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Moscow woke to a dramatic image Wednesday morning, an apparent drone exploding over the Kremlin, the heart of Russian power. The Russian president’s press service accused Ukraine of a failed assassination attempt, but Kyiv denies any involvement. The claim risks escalating the ongoing war. Nick Schifrin reports.
Today, Moscow woke to a dramatic image, an apparent drone exploding over the Kremlin, the heart of Russian power.
The Russian president's press service accused Ukraine of a failed assassination attempt. But Kyiv denies any involvement.
Nick Schifrin is following today's developments, joins me here now.
Nick, good to see you.
Thank you very much.
You have been reporting on this all day. What do we know at this hour about what happened?
Moscow says that two drones flew over the Kremlin after about 2:00 in the morning. And cameras filmed two explosions about 15 minutes apart. You see there the drone highlighted there and the explosion there, about 15 minutes apart, two explosions.
And analysts say — that's it slowed down right there. And analysts say what we're watching is a small drone probably unarmed exploded or brought down by Russian air defense.
Now, as you said the Kremlin called that a failed assassination attempt against Russian President Vladimir Putin, even though Putin was not in the Kremlin at the time.
But Ukrainian President Volodymyr Zelenskyy, visiting Finland, denied any involvement.
Volodymyr Zelenskyy, Ukrainian President:
We don't attack Putin or Moscow. We fight on our territory. We are defending our villages and cities. We don't have, you know, enough weapon for this. And we didn't attack Putin. We leave it to tribunal.
Tribunal, a reference to Russian war crimes there.
U.S. officials I talk to say they're working on what they think actually happened. But one U.S. official said, regardless of the origin of the explosion, the U.S. was not given any warning. But we did hear U.S. skepticism of Russia's claims today from Secretary of State Antony Blinken talking to The Washington Post's David Ignatius.
Antony Blinken, U.S. Secretary of State: Well, first, I have seen the reports. I can't in any way validate them. We simply — we simply don't know.
Second, I would take anything coming out of the Kremlin with a very large shaker of salt.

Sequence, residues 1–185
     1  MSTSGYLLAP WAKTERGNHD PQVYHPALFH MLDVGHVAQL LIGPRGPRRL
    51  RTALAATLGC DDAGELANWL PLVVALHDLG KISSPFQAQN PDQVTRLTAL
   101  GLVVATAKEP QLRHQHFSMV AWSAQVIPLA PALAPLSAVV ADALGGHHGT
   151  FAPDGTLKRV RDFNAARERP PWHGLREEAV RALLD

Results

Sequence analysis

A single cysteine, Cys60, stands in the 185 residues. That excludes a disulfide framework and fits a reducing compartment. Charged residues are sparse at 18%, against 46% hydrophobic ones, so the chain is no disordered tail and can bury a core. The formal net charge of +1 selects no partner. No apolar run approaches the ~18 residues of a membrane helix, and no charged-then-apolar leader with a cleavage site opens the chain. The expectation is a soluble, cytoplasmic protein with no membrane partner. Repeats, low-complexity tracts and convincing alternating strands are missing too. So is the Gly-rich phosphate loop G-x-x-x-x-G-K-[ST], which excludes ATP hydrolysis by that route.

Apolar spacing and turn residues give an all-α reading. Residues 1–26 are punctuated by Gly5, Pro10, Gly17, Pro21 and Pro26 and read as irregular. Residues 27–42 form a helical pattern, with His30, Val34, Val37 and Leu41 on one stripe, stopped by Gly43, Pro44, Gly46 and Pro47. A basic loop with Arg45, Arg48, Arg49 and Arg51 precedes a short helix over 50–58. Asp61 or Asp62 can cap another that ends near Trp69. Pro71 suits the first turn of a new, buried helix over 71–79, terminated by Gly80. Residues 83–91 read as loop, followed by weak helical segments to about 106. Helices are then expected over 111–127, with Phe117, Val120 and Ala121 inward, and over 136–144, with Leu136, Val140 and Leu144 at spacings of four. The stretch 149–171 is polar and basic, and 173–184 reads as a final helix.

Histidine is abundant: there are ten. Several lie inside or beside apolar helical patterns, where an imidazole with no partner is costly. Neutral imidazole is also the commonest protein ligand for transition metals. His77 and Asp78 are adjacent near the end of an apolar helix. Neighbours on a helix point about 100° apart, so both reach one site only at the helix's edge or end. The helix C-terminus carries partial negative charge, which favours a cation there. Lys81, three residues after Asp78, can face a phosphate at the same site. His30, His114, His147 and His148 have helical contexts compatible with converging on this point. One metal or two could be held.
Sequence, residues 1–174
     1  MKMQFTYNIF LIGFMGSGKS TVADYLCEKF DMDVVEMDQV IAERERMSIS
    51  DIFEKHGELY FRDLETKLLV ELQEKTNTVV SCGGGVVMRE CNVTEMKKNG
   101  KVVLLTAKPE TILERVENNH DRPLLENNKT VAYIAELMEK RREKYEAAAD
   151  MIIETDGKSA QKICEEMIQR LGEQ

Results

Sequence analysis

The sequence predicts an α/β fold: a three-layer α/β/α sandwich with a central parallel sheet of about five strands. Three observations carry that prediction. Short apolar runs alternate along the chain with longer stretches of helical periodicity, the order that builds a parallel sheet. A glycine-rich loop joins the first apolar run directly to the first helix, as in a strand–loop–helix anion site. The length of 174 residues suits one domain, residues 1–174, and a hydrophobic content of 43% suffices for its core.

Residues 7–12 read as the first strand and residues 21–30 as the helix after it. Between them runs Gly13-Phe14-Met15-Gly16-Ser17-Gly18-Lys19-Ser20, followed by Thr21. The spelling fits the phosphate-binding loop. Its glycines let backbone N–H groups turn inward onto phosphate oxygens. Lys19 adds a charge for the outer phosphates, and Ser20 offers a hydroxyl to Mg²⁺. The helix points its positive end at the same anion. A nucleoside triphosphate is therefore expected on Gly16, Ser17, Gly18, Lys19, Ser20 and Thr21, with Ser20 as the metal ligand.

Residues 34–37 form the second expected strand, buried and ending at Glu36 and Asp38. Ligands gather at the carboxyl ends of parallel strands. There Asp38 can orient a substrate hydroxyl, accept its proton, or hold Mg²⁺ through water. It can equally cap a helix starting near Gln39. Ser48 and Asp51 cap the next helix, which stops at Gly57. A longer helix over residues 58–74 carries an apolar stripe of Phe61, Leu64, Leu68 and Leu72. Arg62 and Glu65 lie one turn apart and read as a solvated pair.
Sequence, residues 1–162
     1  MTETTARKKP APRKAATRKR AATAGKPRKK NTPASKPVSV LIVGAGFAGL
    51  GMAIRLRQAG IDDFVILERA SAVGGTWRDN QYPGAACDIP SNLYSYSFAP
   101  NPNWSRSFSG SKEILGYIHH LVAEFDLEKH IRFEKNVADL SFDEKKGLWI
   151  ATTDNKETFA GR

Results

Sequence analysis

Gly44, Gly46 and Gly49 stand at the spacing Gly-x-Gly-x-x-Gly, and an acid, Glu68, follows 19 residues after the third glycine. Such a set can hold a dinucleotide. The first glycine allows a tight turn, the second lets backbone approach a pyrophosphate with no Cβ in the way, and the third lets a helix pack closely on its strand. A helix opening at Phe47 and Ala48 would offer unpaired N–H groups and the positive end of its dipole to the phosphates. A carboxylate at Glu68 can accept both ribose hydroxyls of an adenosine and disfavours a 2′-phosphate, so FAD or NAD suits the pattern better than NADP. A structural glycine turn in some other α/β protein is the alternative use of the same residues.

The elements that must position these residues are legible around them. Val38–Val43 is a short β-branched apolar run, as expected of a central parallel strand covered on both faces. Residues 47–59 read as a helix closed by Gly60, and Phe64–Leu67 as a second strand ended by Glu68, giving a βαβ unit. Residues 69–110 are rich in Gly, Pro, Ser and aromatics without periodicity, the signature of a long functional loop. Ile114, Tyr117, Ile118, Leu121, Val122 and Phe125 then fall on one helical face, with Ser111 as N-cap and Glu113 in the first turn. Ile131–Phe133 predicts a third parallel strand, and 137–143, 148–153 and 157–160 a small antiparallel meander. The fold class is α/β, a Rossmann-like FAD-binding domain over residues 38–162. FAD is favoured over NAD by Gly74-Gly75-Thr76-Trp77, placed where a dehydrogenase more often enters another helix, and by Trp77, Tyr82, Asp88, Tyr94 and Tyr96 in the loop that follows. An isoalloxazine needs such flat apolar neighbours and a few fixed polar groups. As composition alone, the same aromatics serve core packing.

A shaker of salt, U.S. denying — or have some skepticism of Russian. Sorry.
But what we heard from Russian pro-war bloggers today is that this was not going to change the war. And that seemed to indicate this wasn't any kind of dramatic assassination attempt or could preclude to any escalation.
So that's really dramatic video. It's been making the rounds and everyone's been examining it, talking to sources.
You have been talking to every analysts and experts you have in your contact list. What do they believe happened? Is there consensus?
There's definitely not consensus.
Some believe that this could have been a Russian false flag operation, meaning the Kremlin launched the drone itself, brought the drone down itself, in order to preclude some kind of future escalation in Ukraine, or to add to the narrative that Putin has been saying, that it is Ukraine that is attacking Russia.
But others say that's unlikely, one, because this actually revealed the vulnerability of Russia's air defense, the fact that the drone actually got over the Kremlin…
… and was not exploded until it was actually inside the Kremlin complex.
And they point out that there were multiple drone crashes in recent days around Moscow, likely by either independent people acting on Ukraine's behalf or by Ukraine itself. Ukraine does have drones that fit this description, both Ukrainian-made and Chinese-made.
And Samuel Bendett, a Russian studies analyst at the think tank CNA, says that this could have been Kyiv sending a signal.